The Center for Early Education and Development (CEED) in the Institute of Child Development has received a $1 million grant from the Lynne & Andrew Redleaf Foundation to establish a center that will focus on reflective practice in infant and early childhood mental health.
Reflective practice is a professional development approach that encourages individuals to pay attention to relationships as they examine behavior and their responses to behavior. In the infant and early childhood mental health field, reflective practice asks practitioners to explore how they relate to the children and families they work with, who may be facing multiple challenges and risks. Practitioners engage in reflective practice in partnership with a supervisor or consultant.
The new CEED center will serve as an intellectual home for high-quality, cutting-edge research in reflective practice. It will also disseminate knowledge about reflective practice, help professionals incorporate reflective practice principles into their work, and inform policy dealing with infant and early childhood mental health. The center will be the first of its kind internationally.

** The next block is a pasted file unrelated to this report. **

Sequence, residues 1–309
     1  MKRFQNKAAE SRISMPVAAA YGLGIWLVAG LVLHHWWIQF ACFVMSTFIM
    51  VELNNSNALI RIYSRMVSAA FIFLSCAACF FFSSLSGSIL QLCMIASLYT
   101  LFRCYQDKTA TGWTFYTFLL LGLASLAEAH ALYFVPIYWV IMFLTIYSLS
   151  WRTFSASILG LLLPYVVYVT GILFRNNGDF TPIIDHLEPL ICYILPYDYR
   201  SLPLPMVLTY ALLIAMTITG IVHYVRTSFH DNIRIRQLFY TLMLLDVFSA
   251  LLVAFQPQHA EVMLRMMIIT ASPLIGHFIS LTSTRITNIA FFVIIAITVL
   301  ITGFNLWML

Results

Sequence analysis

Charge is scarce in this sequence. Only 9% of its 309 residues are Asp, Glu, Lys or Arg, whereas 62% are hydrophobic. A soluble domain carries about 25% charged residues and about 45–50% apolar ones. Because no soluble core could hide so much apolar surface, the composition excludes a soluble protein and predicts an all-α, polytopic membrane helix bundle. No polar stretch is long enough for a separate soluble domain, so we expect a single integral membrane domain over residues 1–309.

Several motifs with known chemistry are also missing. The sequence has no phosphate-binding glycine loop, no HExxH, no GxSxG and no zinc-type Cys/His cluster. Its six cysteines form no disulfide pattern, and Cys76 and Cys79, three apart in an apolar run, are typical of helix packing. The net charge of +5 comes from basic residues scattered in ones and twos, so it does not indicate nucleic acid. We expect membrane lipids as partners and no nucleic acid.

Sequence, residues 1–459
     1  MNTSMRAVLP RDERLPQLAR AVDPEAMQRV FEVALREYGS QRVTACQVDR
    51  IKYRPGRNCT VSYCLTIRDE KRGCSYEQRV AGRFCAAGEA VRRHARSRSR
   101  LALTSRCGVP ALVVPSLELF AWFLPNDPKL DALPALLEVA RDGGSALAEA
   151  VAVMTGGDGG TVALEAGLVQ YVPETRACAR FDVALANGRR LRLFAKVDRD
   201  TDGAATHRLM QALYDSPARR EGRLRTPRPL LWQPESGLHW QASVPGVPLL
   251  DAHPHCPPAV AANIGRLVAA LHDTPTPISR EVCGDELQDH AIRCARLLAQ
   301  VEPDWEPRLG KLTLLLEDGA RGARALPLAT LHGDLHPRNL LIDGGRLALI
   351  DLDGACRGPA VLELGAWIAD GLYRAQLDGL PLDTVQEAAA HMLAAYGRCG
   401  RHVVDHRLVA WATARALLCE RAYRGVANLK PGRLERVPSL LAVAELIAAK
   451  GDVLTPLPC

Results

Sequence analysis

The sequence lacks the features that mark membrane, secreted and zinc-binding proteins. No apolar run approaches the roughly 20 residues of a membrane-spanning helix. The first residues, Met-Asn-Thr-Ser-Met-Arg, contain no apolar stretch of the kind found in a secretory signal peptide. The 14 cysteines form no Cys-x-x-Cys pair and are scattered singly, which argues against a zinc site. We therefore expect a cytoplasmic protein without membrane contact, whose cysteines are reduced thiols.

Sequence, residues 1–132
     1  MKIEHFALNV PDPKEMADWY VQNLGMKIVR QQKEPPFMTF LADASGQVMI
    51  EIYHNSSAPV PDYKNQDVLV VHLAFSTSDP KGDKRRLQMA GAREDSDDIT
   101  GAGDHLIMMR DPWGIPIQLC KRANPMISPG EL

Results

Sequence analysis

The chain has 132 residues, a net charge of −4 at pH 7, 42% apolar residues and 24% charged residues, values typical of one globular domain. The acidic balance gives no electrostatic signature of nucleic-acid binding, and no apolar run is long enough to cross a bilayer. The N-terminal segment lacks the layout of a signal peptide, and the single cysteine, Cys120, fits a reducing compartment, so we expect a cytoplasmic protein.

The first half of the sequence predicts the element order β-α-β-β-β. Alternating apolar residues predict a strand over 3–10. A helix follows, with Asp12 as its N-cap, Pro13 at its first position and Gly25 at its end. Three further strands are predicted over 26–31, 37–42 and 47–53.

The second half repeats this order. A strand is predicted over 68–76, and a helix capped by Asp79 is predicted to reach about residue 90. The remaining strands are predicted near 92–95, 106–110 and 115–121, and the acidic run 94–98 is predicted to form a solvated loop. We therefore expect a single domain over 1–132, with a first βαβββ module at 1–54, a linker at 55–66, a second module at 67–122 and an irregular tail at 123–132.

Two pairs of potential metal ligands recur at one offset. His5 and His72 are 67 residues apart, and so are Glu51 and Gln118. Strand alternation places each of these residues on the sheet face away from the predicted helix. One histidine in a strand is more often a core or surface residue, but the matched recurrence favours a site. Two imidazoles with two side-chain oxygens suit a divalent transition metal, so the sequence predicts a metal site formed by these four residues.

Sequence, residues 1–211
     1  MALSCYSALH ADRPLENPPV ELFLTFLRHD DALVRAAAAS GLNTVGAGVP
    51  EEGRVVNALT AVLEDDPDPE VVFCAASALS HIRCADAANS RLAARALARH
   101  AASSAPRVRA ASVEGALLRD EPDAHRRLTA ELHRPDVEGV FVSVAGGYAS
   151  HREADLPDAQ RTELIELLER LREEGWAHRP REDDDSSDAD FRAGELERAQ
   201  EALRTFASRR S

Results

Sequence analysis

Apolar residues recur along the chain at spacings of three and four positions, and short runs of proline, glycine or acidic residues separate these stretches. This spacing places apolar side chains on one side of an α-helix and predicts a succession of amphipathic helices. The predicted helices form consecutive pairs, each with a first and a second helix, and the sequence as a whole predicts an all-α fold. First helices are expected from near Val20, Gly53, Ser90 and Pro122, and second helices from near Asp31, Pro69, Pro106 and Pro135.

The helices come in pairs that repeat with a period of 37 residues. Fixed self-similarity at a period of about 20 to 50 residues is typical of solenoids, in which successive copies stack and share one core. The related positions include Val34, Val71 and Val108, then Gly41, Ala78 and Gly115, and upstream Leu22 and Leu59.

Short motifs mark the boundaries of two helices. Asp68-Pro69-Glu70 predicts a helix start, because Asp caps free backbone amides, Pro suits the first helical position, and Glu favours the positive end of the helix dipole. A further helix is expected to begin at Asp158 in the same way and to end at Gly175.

“We are grateful to the Lynne & Andrew Redleaf Foundation for their support as we work to impact infant and early childhood programs and providers, both in Minnesota and across the country,” says Christopher Watson, Ph.D., IMH-E®[IV], director of the new center at CEED. “This generous gift will allow CEED to bolster its work in reflective supervision and to better support staff who serve families facing complex challenges. We look forward to carrying out this work in an effort to improve developmental outcomes for infants and young children.”
For the symposium, which was co-hosted by the Minnesota Children’s Museum, ICD faculty and staff presented cutting-edge research on play and discussed why it is critical to child development.
Presentations covered topics including play’s impact on a child’s understanding of math, how play influences the development of executive function, and how the Children’s Theatre Company is incorporating research into a preschool storytelling program. Each presentation was followed by a play-based activity that asked participants to explore what they learned.